That reality subtext also stretches into the future in a rather more amusing way: shortly after the show ended, JMS developed severe acid reflux, and part of the treatment is sleeping in an elevated position. If only he knew when writing all this stuff about Minbari beds. Also from that subplot, the exchange about learning to speak Minbari and Marcus' secret love declaration was added at the last minute when the episode came in short, and only the White Star sets were standing at the time. It became a favorite of many fans.

A few episodes ago, Marcus asked who their story's equivalent of Morgan LeFay was, and now we know. Too bad the credits spoil it a bit by clearly stating that Melissa Gilbert will be playing "Anna." One other oddity is that the role wasn't yet cast when War Without End was shot, so her shadow from the doorway, reused here, was made by a crew member and doesn't quite match Gilbert's frame.

DustMan said...

Ryan, that should be San Diego. JMS is a SDSU alum, and nuked Sand Diego in Spider in the Web because it was the closest to a home town that he had.

Siskoid said...

Ryan: This happens a lot (not just with B5), and yet I can't help myself, I keep reading those damn credits instead of screwing up my eyes like the spoiler-free human being I want to be.

LiamKav said...

I'm surpised that she had to have a front-of-episode credit, considering that she was only in it for 10 seconds. I recall a possibly false story that when the DS9 crew wanted to have the Female Shapeshifter appear as a surprise in "Heart Of Stone", they made sure that she was in it for a small enough amount of time that they could do an end-of-episode credit. I'm not sure though if that's true, or what the rules are on credit placement.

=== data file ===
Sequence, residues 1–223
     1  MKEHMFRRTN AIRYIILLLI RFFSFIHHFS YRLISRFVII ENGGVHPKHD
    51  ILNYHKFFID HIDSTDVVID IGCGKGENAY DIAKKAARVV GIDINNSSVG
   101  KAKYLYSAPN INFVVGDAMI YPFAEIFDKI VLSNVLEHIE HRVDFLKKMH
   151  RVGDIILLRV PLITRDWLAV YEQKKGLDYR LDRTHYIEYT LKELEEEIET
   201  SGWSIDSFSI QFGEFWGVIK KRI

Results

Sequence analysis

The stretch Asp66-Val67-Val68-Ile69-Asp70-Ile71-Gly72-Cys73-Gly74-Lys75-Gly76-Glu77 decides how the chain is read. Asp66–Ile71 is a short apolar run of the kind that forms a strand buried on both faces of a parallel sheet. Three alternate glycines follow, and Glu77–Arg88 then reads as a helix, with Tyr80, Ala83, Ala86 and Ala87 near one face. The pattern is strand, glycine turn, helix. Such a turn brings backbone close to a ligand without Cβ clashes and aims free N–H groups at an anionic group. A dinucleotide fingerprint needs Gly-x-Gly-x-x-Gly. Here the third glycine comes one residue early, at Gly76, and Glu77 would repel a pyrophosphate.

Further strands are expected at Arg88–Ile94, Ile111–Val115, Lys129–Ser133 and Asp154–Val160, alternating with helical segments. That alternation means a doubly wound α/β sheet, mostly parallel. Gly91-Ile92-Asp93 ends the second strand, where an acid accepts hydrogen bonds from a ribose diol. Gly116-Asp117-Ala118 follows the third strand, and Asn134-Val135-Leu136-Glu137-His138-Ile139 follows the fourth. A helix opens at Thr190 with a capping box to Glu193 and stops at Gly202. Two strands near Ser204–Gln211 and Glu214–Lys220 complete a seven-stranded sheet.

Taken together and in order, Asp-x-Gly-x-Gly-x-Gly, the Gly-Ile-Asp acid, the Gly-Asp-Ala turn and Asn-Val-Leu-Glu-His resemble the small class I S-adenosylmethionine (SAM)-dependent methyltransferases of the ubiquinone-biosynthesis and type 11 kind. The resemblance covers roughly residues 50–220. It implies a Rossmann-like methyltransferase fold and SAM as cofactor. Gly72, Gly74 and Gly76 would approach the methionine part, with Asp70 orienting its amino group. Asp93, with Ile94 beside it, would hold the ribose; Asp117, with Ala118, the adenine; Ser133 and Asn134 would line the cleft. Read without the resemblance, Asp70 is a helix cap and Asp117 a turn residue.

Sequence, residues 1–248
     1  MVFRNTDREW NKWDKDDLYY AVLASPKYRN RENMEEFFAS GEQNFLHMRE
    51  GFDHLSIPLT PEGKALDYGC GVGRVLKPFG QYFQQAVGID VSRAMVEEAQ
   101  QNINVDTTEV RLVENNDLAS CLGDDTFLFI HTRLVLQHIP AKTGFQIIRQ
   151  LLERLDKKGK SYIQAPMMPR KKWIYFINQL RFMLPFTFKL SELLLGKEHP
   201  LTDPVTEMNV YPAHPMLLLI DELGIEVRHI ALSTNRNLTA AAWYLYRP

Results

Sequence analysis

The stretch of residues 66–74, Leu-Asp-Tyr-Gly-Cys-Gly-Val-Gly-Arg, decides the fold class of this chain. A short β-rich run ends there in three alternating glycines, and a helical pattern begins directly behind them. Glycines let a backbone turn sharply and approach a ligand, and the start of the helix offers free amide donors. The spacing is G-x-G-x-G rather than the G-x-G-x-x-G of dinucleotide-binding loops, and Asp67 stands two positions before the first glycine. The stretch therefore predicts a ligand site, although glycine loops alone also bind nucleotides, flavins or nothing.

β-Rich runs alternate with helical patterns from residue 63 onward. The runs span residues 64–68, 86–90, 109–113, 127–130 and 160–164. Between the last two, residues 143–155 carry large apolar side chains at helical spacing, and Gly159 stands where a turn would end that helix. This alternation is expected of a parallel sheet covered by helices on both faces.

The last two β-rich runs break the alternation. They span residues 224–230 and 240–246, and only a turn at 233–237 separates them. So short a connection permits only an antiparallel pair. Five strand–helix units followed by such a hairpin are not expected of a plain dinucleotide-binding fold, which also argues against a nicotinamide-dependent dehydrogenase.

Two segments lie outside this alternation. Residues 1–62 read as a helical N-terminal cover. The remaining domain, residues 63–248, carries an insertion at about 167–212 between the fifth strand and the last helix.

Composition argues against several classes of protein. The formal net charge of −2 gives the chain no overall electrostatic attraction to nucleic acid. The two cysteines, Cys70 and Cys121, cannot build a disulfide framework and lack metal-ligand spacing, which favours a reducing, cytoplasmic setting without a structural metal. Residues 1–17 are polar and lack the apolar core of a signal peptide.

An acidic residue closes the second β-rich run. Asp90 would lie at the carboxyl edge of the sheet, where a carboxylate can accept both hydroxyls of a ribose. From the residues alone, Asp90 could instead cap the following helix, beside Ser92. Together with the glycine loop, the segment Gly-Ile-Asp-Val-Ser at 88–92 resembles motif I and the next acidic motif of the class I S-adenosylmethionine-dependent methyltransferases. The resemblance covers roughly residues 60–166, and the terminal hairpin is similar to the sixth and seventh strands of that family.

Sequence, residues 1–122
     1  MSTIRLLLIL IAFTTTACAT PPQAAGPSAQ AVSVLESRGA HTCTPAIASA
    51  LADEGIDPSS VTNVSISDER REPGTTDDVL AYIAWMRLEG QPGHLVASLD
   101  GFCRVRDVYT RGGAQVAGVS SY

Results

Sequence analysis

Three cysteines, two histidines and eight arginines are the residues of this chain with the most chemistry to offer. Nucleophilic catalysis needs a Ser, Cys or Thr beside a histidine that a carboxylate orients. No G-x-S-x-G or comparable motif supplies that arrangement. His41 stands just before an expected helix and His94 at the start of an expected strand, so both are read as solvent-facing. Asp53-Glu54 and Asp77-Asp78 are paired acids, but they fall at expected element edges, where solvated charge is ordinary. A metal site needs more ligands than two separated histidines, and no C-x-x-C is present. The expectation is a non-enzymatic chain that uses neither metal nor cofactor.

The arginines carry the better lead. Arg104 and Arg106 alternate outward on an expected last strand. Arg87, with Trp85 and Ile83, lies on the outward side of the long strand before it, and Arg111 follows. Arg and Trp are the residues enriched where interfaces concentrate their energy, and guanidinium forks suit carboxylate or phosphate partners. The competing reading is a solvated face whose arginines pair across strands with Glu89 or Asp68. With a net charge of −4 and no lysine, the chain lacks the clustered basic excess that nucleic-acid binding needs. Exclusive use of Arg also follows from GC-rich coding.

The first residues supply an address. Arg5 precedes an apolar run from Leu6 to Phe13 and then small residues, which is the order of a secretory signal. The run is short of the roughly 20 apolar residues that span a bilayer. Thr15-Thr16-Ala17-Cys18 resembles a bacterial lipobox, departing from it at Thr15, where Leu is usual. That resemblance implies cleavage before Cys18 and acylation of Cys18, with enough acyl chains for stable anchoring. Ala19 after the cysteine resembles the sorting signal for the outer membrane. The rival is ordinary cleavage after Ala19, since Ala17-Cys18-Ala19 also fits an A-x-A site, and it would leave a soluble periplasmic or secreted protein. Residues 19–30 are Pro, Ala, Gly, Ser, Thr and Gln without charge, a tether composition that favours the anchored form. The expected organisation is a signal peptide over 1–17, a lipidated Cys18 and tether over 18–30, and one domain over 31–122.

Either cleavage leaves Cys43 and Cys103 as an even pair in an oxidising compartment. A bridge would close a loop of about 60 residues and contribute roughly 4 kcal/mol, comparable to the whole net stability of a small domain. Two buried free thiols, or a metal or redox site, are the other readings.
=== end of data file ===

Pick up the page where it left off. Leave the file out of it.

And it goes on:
LiamKav said...

So, if Ivanova and Marcus are taking turns at watch, what happens when Susan is on shift and something happens? (For that matter, what happens if Marcus is killed in an attack? They really should take two translators along on these missions.)

Even now, the resolution of Franklin's stims story feels like it plays both against TV conventions and Babylon 5 conventions, in a good way. When his addiction is found out, he gives a speech to Sheridan about how he can't do his job and so needs to go and find himself. Sheridan stands there not saying anything, like any good Babylon 5 character when someone else is giving a speech. Except later, we find out that he didn't say anything because he was distracted and dumbfounded, and wishes he'd stopped Franklin from going walkabout. Likewise, Franklin's very trendy (for the 90s) uses of "finding himself" and "trying to meet himself" turn out to be psychobabble nonsense. He thought he was trying to fix his stim addiction, but it was a much deeper issue that he was ignoring. He could have probably got the same result if everyone had just sat down with him and gave him some brutal honesty, but battles for independence, time travel and fighting ancient evils can fill a person's diary.

The space battle scene showed that as well as (for the time) revolutionary SFX, Foundation Imaging knew how to direct a good space battle, a skill they had shown repeatedly before. However, they are fired between the third and forth seasons, in an apparently extrememly dodgy and underhanded manner because Douglas Netter wanted his own CGI company. Apparently they owe Dan Curry of Star Trek for not letting them go under, which is why they started working on that show shortly after. At the time, I recall a drop in the quality (in terms of storyboarding, clarity of movement and general directing) of the SFX at the start of the forth season. We'll see if that holds.

Sheridan's hair is out of control by this point. It's fantastic.